Research Interests
  • Photoenzymatic Catalysis
  • Enzyme engineering via directed evolution
  • Selective organic synthesis

Photoenzymatic Catalysis – Using Light to Reveal New Enzyme Functions
Todd K. Hyster

Enzymes are exquisite catalysts for chemical synthesis, capable of providing unparalleled levels of chemo-, regio-, diastereo- and enantioselectivity. Unfortunately, biocatalysts are often limited to the reactivity patterns found in nature. In this talk, I will share my groups efforts to use light to expand the reactivity profile of enzymes. In our studies, we have exploited the photoexcited state of common biological cofactors, such as NADH and FMN to facilitate electron transfer to substrates bound within enzyme active sites. In other studies, we found that enzymes will electronically activate bound substrates for electron transfer. In the presence of common photoredox catalysts, this activation can be used to direct radical formation to enzyme active sites. Using these approaches, we can develop biocatalysts to solve long-standing selectivity challenges in chemical synthesis.

    Stefan Lutz

    Stefan Lutz, Ph.D.

    Sr VP Research
    Codexis Inc.

    Stefan received a B.Sc. in chemistry/chemical engineering from the Zurich University of Applied Sciences, an M.Sc. in Biotechnology from the University of Teesside and a Ph.D. in chemistry from the University of Florida. He was a postdoctoral fellow at Pennsylvania State University. He joined Codexis in 2020 as the Senior Vice President of Research to lead the company’s research team advancing the technology platform, as well as the discovery and engineering of novel enzymes. Prior to his arrival in Redwood City, he was a Professor and Chair of the Chemistry Department at Emory University, having joined the university in 2002 and ascending to Chemistry Department Chair in 2014. Stefan is interested in advanced technologies for creating new, innovative, and economically-sustainable enzyme solutions to benefit society, industry, and the planet.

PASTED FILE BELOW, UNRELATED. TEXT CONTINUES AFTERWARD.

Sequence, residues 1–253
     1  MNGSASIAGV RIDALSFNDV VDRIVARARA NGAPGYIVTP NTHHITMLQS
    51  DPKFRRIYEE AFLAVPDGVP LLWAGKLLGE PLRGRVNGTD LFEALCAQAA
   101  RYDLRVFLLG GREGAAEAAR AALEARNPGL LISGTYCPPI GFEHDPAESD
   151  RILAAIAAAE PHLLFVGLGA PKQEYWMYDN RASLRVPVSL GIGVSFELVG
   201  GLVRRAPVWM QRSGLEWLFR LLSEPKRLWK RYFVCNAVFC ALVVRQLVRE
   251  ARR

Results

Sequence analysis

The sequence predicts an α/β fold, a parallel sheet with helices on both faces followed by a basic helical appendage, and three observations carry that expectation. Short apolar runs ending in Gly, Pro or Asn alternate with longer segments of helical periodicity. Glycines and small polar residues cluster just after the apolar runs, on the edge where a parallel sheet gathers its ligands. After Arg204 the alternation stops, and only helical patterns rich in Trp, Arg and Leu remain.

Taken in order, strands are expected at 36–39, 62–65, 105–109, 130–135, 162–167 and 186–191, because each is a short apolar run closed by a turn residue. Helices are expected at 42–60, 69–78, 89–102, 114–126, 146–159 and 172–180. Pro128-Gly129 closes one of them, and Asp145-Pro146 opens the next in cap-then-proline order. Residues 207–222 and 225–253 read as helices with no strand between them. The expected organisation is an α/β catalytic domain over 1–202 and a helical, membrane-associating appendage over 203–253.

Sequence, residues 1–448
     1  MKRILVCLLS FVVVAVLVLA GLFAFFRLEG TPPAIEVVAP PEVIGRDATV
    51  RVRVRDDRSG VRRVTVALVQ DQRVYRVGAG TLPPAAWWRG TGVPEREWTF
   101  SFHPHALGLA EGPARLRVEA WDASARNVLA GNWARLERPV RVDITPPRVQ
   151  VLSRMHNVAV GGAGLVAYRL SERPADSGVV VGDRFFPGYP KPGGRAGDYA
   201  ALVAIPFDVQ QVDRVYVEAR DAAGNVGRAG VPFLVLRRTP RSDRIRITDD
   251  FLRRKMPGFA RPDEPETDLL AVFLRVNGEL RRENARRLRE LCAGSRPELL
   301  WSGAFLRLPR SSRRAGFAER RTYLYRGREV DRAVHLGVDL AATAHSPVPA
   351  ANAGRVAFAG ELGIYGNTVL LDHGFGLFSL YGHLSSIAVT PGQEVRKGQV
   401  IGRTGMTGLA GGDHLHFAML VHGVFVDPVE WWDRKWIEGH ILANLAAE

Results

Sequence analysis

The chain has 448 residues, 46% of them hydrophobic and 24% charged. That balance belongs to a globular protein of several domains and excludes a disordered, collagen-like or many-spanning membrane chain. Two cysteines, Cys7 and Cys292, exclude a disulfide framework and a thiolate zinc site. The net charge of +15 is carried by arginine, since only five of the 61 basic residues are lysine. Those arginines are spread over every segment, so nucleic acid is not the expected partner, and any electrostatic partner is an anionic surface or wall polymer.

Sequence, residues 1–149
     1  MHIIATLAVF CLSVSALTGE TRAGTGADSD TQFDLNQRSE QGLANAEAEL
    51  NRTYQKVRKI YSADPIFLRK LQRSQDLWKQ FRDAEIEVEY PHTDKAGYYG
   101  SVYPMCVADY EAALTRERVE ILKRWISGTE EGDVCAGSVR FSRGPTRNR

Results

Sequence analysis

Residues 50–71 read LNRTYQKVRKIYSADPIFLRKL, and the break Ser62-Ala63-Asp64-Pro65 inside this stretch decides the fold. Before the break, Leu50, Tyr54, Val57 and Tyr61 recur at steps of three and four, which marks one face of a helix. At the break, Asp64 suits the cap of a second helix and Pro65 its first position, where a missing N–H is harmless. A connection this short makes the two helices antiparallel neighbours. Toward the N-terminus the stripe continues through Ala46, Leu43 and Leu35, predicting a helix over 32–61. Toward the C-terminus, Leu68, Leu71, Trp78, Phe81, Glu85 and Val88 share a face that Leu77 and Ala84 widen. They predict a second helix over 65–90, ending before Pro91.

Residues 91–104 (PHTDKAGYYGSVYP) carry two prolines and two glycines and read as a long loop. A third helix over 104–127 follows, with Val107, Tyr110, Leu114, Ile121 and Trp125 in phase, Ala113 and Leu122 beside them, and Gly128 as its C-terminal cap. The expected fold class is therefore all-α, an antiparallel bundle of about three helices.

Research Interests

    • Advanced technologies for enzyme design and engineering
    • Engineered enzyme applications
    • Biocatalysis

    Engineering Enzyme Products
    Stefan Lutz

    Codexis’ CodeEvolver® directed evolution technology has been applied to improve enzymes for specific functions for well over a decade. Advances in high-throughput gene & protein synthesis (build) and biochemical screening (test) in combination with advanced data analytics (learn) and computational design tools have, and continue to, enable the optimization and drive increasing complexity in developing novel biocatalysts for sustainable manufacturing, the life sciences, and the discovery and optimization of biologics.

    Tomoko Matsuda, Ph.D.

    Associate Professor
    Department of Life Science and Technology
    Tokyo Institute of Technology

    Tomoko Matsuda received a doctoral degree in science from Kyoto University (2000). Her doctoral thesis is about the biocatalytic asymmetric reduction of ketone for organic synthesis. She has been engaged in research on biocatalysis since then. She was appointed as an assistant professor at Ryukoku University in Japan (1999-2004) and began the study for biocatalysis using pressurized carbon dioxide. She was appointed as an associate professor in 2004 at the Tokyo Institute of Technology in Japan. She published over 130 scientific articles and received the following awards; the Taisho Pharmaceutical Research Planning Award from the Society of Synthetic Organic Chemistry, Japan (2001), the Morita Scientific Research Encouragement Award from the Japanese Association of University Women (2006), the Shiseido Woman Researcher Science Grant from Shiseido (2011), the Takeda International Contribution Award from Takeda Rika Kogyo (2018).

    Research Interests

    • Utilization of pressurized CO2 for biocatalysis
    • Green chemistry using biocatalysis

    Utilization of Carbon Dioxide as Solvent and Substrate for Biocatalysis
    Tomoko Matsuda

    As carbon dioxide (CO2) is an abundant carbon source and is causing global warming, developments in its utilization methods have been awaited. Therefore, pressurized CO2such as supercritical CO2 has been applied as a solvent for organic synthesis to develop efficient reactions replacing ordinary organic solvents derived from fossil fuel. However, the application of pressurized CO2 to biocatalysis has been limited. Therefore, we have been studying on utilization of CO2 as a solvent for lipase-catalyzed transesterification reactions and as a substrate for biocatalytic carboxylation reactions.